Underrated/Overrated: A fitting tribute with 'History of the Eagles,' but let's ease up on the rock reunions

There's a lot of pop culture to sort through week after week. Times staff writer Chris Barton offers his take on what's up and what's down in music, movies, television and just about anything else out there that's worth considering.



'Very Semi-Serious'

A scene from "Very Semi-Serious."
A scene from "Very Semi-Serious." (HBO)

For those familiar with New Yorker magazine, the incidental cartoons run a gamut not unlike a "Saturday Night Live" episode — funny, clever, topical and, as once lampooned in "Seinfeld," entirely incomprehensible. But as shown in this charming documentary, those in-page interludes of single-panel entertainment amid highbrow journalism are created and curated by actual humans, many of whom queue up in the hall for audience with cartoon editor Robert Mankoff in a personal, almost quaint meeting of the strange alchemy of cartoons and the even stranger personalities of those who create them.

'History of the Eagles'

Glen Frey, left, and Joe Walsh of the Eagles perform during "History of the Eagles Live In Concert" in Nashville, Tenn.
Glen Frey, left, and Joe Walsh of the Eagles perform during "History of the Eagles Live In Concert" in Nashville, Tenn. (Rick Diamond / Getty Images)

In the wake of the death of Eagles singer and guitarist Glenn Frey at 67 last week, there may be no more fitting tribute than settling in for a few hours with this revealing two-part documentary, which offers a surprisingly unflinching glimpse at the history of success and dysfunction behind one of the biggest bands the U.S. has produced. Of course, all that talent is on display as well, particularly in a disarmingly opening scene of note-perfect backstage harmony of a band at its peak, but it's that balance of outsize talent and ego that made the Eagles — and Frey — in a class by themselves.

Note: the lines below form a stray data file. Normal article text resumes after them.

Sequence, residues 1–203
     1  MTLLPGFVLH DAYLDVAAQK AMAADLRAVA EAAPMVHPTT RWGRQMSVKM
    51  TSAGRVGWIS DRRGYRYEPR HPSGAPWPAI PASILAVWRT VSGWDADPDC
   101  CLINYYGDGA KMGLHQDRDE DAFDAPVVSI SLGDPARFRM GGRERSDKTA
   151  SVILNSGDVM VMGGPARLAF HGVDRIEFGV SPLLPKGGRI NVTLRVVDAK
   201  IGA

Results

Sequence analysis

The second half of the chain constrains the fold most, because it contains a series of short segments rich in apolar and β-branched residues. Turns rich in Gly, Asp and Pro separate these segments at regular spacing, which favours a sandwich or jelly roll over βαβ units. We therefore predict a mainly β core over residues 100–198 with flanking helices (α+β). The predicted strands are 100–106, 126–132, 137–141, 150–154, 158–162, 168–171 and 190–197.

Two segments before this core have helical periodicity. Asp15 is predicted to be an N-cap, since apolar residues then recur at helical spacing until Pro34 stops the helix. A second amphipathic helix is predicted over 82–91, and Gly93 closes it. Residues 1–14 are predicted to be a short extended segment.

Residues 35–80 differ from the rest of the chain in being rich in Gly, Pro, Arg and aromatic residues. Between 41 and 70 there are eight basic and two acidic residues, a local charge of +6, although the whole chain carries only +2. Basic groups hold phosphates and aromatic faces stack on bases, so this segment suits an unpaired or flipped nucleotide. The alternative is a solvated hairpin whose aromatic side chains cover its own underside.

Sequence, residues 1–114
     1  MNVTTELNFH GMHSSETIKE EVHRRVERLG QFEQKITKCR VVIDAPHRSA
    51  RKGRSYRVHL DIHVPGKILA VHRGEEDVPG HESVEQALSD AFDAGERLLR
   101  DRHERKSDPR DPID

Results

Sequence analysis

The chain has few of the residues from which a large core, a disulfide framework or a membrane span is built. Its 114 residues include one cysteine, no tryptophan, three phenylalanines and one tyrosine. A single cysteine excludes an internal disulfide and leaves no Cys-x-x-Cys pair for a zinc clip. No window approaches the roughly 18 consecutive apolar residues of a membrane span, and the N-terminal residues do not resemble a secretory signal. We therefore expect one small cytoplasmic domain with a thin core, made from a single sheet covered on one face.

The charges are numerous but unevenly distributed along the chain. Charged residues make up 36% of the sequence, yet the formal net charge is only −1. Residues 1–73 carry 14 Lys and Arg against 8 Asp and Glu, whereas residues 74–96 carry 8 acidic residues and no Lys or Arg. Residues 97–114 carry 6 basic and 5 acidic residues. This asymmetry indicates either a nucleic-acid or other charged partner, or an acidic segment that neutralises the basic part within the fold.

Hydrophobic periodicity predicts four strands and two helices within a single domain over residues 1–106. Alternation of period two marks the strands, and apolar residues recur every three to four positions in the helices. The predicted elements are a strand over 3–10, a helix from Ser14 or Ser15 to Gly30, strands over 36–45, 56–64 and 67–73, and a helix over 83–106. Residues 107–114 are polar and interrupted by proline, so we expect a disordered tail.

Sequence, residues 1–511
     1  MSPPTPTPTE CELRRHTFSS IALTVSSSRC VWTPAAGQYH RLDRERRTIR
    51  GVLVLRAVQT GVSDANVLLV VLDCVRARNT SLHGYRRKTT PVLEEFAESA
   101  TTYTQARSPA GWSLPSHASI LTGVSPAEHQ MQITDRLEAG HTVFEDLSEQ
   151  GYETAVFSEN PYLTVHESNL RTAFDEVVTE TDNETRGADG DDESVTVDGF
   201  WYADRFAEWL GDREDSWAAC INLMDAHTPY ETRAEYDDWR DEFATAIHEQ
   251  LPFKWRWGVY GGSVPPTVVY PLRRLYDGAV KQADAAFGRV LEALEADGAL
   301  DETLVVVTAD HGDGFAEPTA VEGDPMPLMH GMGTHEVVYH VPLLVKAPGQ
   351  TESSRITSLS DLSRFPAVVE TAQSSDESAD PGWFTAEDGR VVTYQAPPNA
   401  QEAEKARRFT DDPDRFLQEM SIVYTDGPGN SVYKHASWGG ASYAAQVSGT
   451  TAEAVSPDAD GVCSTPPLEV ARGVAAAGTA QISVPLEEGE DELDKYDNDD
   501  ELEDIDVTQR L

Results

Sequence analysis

'Making a Murderer'

Steven Avery's booking photo.
Steven Avery's booking photo. (Netflix)

In the future, everyone convicted of a crime under suspicious circumstances will be the subject of a wildly popular (if mostly plodding and overlong) documentary — if the accused is lucky, anyway. Not to diminish the circumstances surrounding the controversial case of Steven Avery, but there's something off-putting about a national obsession erupting around a case that has been, for want of a better way of putting it, edited for television. Innocent people should never languish behind bars, but something may be amiss in our legal system if the interest television is our last, best hope for justice.

Reunion fever

Led Zeppelin photographed in 1969.
Led Zeppelin photographed in 1969. (Atlantic Records)

Just as Hollywood is addicted to familiar faces and repeating franchises, the music industry has an increasing addiction to nostalgia with high-profile reunion tours becoming the standard move, even in previously more outsider genres such as metal, hip-hop and indie rock. Not to say a reunited Guns 'N Roses, LCD Soundsystem and, most niche-focused, Wolf Parade, won't deliver a perhaps slower, somewhat paunchier simulacrum of their original thrills, but don't firmly broken-up acts such as the never-and-please-stop-asking Led Zeppelin and the Smiths grow in stature for existing solely in one specific time?